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US District Court : INSURANCE - insurance policy loss payment terms unambigous

UNITED STATES DISTRICT COURT
DISTRICT OF MINNESOTA
Sonstegard Foods Company, Civil No. 05-532 (DWF/AJB)
Plaintiff,
MEMORANDUM
v. OPINION AND ORDER
Wellington Underwriting, Inc.,
Defendant.
James C. Erickson, Esq., and Willard L. Converse, Esq., Jensen, Bell, Converse & Erickson, P.A., counsel for Plaintiff.
Thomas B. Caswell, III, Esq., and Lindsey A. Davis, Esq., Zelle, Hofmann, Voelbel, Mason & Gette LLP, counsel for Defendant.
INTRODUCTION
The above-entitled matter came before the Court pursuant to Defendant Wellington Underwriting, Inc.s (Wellington) Renewed Motion for Adjudication of the Proper Loss Payment Methodology. For the reasons set forth below, the Court grants Wellingtons motion.
BACKGROUND
The essential facts surrounding this matter are set forth in the Courts Memorandum Opinion and Order dated May 21, 2007, and are incorporated herein by reference. In summary, Wellington insured Sonstegard Foods Company (Sonstegard)a corporation that produces dried egg product by processing bulk,
2
shelled, liquid eggs in a dryer and bag houseon an all-risk fire and extended property policy (the Policy) from March 1, 2002 to March 1, 2003. On January 21, 2003, an explosion occurred in Sonstegards dryer and bag house. This case arose out of Sonstegards allegations that Wellington breached the Policy by denying coverage for costs to repair the dryer and bag house to gain permanent United States Department of Agriculture (USDA) approval to produce edible egg product.
The matter was initially brought before the Court pursuant to Wellingtons Motion for Summary Judgment. In its May 21, 2007 Order, the Court denied Wellingtons motion, concluding that the referenced Law or Ordinance Exclusion is not part of the Policy and that the Civil Authority Provision, while part of the Policy, does not apply to bar coverage here. As to the Wear and Tear Exclusion, the Court concluded that it is unclear whether wear and tear caused the damage that prevents permanent production.
At oral argument regarding Wellington Motion for Summary Judgment, Sonstegard admitted that it did not know what its measure of damages would be. (See Sonstegards Mem. Opposing Wellingtons Summ. J. Mot. and in Supp. of Sua Sponte Partial Summ. J. for Sonstegard at 12; Tr. at 28.) But Sonstegard did assert that the term Agreed Value in the Optional Coverages section of the Policy applies. Thereafter, Wellington brought this motion to determine what the proper loss payment methodology is under the Policy.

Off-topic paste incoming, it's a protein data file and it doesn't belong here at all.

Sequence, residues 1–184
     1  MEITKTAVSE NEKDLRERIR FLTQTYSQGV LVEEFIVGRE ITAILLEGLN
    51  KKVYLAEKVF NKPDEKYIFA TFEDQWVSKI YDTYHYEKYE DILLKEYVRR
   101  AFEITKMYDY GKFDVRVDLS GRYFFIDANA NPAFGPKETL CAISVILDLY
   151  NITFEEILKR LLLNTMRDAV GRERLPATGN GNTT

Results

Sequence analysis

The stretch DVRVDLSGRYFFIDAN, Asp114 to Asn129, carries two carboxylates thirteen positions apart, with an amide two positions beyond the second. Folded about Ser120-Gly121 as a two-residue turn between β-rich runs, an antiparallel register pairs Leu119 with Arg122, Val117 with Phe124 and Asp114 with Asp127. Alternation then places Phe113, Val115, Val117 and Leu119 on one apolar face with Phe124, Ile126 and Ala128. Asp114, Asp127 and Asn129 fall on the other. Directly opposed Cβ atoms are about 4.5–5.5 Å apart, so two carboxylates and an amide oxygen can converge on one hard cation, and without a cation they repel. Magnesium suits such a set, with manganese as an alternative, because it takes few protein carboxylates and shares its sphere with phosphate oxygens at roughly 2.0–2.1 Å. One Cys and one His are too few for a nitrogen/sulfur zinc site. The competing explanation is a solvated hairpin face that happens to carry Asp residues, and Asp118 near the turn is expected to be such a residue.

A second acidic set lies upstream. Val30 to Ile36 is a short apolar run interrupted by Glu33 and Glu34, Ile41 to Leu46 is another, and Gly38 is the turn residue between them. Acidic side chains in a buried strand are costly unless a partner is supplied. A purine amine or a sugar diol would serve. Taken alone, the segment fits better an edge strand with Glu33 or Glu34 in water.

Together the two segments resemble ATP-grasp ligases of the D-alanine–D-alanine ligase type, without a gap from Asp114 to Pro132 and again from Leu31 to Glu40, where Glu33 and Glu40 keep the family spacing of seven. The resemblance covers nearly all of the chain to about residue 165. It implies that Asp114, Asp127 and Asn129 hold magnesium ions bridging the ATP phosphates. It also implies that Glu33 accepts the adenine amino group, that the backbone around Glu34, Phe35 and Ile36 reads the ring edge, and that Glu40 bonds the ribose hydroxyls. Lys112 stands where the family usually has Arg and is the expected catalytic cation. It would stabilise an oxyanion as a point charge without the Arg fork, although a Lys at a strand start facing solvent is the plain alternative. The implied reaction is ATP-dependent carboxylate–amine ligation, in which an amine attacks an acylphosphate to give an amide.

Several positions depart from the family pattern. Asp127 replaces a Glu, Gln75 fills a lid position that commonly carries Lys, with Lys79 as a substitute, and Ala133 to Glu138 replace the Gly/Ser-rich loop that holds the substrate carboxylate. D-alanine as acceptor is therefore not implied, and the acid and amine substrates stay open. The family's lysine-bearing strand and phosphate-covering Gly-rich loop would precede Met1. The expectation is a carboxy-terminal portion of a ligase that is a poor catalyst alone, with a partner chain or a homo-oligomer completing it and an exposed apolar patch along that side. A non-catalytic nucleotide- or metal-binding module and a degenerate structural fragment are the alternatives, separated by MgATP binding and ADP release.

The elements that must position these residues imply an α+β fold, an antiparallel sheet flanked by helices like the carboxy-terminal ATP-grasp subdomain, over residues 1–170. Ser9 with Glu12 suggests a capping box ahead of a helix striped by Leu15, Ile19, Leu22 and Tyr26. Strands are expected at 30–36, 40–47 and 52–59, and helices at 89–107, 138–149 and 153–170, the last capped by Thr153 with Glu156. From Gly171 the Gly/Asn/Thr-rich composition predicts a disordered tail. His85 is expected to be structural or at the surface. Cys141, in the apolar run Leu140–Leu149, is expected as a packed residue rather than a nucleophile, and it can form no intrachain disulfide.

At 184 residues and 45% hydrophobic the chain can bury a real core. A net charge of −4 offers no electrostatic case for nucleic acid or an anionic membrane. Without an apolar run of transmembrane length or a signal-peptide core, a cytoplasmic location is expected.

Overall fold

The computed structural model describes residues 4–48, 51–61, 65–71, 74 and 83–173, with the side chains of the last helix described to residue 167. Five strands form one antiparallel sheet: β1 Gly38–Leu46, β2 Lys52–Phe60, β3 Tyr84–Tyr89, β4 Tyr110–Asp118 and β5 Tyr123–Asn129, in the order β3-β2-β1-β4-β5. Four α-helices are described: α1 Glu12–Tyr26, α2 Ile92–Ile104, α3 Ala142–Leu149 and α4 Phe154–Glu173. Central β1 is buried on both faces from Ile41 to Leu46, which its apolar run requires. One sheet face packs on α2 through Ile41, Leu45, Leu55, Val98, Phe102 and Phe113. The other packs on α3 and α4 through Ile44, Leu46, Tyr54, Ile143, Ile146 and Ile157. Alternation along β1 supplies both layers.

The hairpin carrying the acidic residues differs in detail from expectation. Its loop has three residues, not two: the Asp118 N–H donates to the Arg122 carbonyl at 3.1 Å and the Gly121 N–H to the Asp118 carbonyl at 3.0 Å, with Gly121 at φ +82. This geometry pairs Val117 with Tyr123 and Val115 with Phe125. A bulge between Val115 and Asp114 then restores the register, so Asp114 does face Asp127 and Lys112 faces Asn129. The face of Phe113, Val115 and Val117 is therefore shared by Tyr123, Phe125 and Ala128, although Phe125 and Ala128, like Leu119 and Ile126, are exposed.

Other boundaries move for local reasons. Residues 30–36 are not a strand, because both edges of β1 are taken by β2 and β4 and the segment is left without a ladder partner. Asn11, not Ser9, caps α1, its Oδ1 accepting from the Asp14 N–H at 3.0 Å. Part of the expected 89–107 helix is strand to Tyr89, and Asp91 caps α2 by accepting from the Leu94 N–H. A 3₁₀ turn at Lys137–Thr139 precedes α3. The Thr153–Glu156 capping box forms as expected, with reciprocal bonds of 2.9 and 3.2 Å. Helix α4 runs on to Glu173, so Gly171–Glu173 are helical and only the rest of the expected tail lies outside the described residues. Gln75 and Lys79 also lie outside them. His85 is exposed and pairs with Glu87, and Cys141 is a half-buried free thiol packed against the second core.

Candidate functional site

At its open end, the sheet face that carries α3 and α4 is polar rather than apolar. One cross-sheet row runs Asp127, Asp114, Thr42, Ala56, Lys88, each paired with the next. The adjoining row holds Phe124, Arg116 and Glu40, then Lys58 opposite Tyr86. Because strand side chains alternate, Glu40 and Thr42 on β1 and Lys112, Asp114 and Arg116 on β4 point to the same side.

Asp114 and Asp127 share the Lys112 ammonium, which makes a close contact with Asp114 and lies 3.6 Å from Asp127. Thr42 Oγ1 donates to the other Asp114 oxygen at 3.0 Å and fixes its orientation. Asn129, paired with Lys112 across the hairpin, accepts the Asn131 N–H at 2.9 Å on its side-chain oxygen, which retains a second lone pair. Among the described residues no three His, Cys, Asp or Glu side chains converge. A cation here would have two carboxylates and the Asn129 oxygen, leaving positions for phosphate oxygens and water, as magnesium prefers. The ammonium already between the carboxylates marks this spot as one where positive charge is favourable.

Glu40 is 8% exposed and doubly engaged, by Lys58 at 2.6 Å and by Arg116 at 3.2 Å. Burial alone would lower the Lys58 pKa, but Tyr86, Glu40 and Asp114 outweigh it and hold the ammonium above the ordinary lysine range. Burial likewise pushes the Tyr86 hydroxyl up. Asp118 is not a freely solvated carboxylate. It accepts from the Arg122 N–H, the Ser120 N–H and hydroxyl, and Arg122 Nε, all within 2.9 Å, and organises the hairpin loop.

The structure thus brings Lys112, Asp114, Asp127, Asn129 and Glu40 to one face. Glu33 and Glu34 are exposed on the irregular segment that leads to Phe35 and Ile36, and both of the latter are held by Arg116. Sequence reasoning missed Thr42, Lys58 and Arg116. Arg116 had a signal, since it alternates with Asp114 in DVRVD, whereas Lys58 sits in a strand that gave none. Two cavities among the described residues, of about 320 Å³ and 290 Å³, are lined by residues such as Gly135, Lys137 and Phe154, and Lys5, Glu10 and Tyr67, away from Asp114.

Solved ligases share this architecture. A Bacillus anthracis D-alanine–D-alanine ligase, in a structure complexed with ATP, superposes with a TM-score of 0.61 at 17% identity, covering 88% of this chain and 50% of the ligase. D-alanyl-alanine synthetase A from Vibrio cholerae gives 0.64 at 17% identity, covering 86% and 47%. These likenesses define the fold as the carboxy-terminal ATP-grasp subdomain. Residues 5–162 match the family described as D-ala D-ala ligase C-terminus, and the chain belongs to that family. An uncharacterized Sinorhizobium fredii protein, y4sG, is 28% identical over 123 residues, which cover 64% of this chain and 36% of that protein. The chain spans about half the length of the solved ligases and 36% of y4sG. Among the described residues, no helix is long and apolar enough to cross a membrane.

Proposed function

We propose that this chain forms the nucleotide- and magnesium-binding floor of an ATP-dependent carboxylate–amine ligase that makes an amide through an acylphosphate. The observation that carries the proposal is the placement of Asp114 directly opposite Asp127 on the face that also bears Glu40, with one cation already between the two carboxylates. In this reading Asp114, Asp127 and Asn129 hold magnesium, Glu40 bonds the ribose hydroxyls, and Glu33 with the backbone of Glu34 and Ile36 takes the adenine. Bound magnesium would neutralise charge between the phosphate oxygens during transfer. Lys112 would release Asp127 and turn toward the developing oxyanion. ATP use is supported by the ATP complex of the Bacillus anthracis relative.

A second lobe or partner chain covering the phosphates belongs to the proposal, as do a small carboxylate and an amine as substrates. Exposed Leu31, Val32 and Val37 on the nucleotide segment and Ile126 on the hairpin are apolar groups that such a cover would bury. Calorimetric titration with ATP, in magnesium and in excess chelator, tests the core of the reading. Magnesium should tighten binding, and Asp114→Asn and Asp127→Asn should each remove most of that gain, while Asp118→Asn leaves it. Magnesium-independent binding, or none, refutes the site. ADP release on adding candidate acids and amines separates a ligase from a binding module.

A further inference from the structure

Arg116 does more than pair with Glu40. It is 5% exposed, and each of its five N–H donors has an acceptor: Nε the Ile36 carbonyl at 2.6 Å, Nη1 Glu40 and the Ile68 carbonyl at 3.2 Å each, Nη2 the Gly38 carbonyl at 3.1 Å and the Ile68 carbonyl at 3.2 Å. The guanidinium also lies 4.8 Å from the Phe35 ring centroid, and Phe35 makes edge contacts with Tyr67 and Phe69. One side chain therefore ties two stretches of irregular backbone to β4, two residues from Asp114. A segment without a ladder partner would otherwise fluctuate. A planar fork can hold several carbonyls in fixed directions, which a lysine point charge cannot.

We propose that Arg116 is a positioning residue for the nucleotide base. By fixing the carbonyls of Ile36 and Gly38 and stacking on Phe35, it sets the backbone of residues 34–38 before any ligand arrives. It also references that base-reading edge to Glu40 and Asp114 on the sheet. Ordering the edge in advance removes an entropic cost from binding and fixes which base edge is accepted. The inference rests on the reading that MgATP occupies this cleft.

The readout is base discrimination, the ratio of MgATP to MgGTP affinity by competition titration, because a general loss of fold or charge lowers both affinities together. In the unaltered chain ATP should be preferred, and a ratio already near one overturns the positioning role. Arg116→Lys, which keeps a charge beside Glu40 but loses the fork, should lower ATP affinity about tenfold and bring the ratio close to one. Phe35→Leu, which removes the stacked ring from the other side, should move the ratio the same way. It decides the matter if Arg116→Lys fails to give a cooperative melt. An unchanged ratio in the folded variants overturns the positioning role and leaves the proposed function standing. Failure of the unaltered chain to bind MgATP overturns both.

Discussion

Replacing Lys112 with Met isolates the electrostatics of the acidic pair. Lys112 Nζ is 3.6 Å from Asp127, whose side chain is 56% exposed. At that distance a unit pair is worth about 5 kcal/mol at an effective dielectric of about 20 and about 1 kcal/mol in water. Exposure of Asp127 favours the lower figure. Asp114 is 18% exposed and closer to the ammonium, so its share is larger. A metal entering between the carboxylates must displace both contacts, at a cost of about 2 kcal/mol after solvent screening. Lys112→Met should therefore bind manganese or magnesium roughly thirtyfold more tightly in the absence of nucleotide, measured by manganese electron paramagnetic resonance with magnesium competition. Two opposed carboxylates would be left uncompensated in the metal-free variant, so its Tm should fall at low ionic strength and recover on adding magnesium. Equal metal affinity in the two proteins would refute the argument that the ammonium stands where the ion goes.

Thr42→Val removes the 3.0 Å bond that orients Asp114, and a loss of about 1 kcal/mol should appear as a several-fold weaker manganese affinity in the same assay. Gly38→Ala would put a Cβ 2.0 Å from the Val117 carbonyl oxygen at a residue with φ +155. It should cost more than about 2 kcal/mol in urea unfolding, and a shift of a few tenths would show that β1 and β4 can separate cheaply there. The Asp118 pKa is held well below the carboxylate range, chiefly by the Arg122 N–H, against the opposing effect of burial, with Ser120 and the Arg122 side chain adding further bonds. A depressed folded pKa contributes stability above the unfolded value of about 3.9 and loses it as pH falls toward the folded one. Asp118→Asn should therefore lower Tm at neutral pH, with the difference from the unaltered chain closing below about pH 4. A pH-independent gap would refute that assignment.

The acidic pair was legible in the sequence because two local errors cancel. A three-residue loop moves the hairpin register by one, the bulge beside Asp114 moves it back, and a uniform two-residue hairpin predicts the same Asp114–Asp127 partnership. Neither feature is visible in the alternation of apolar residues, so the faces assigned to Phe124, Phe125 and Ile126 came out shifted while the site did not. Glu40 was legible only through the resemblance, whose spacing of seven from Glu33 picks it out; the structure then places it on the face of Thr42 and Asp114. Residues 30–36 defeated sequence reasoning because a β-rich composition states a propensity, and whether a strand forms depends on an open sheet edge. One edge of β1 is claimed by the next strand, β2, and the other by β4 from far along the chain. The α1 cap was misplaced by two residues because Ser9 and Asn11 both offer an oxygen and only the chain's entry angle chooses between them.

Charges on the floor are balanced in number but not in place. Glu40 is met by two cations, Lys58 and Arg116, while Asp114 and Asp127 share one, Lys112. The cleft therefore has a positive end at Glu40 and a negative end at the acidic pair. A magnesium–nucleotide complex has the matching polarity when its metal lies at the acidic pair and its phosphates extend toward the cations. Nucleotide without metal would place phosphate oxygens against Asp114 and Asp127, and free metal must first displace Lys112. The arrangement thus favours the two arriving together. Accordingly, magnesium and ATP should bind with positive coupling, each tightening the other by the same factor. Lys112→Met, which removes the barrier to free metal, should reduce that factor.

DISCUSSION
I. Contract Construction
A court applies general principles of contract interpretation in construing insurance
3
contracts. Lobeck v. State Farm Mut. Auto. Ins. Co., 582 N.W.2d 246, 249 (Minn. 1998). The correct interpretation of a clause in an insurance policy is a question of law. Haarstad v. Graff, 517 N.W.2d 582, 584 (Minn. 1994). Words in insurance contracts are given their plain and ordinary meaning. Am. Family Ins. Co. v. Walser, 628 N.W.2d 605, 609 (Minn. 2001). A court must consider the policy and its exclusions as a whole, and the terms will not be so strictly construed as to lead to a harsh or absurd result. Employers Mut. Liab. Ins. Co. v. Eagles Lodge, 165 N.W.2d 554, 556 (Minn. 1969). Any ambiguity in the language of an insurance policy must be resolved against the insurer and in accordance with the reasonable expectations of the insured. Columbia Heights Motors, Inc. v. Allstate Ins. Co., 275 N.W.2d 32, 35 (Minn. 1979).
A. The Policy
Wellington asserts that the Loss Payment Provision in the Building and Personal Property Coverage section of the Policy is unambiguous and controls the methodology upon which the amount of insurance proceeds owed to Sonstegard will be determined. The Loss Payment Provision states the following:
4. Loss Payment
a. In the event of loss or damage covered by this Coverage Form, at our option, we will either:
(1) Pay the value of lost or damaged property;
(2) Pay the cost of repairing or replacing the lost or damaged property, subject to b. below;
(3) Take all or any part of the property at an agreed or appraised value; or
(4) Repair, rebuild or replace the property with other property of like kind and quality, subject to b. below.
b. The cost to repair, rebuild or replace does not include the increased cost attributable to enforcement of any ordinance or law regulating the construction, use or repair of any property.
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(6/20/07 Affidavit of Thomas B. Caswell (Caswell Aff.), Ex. 8 at 6 of 11 (emphasis in original).)
Based on Sonstegards prior remarks during the summary judgment motion phase, Wellington anticipated that Sonstegard would assert that the Agreed Value Provision, and not the Loss Payment Provision, applies to determine the measurement of a covered loss.1 However, in its answering memorandum, Sonstegard concedes that the Agreed Value is not an issue and that Sonstegard certainly did not intend to infer that the loss was to be determined based on the Agreed Value provision. (Sonstegards Answering Mem. on Damages at 2.) Instead, Sonstegard asserts that the valuation of the covered loss should be determined by actual cash value at the time of the loss. Sonstegard does not address the relationship between the Loss Payment Provision and the application of actual cash value.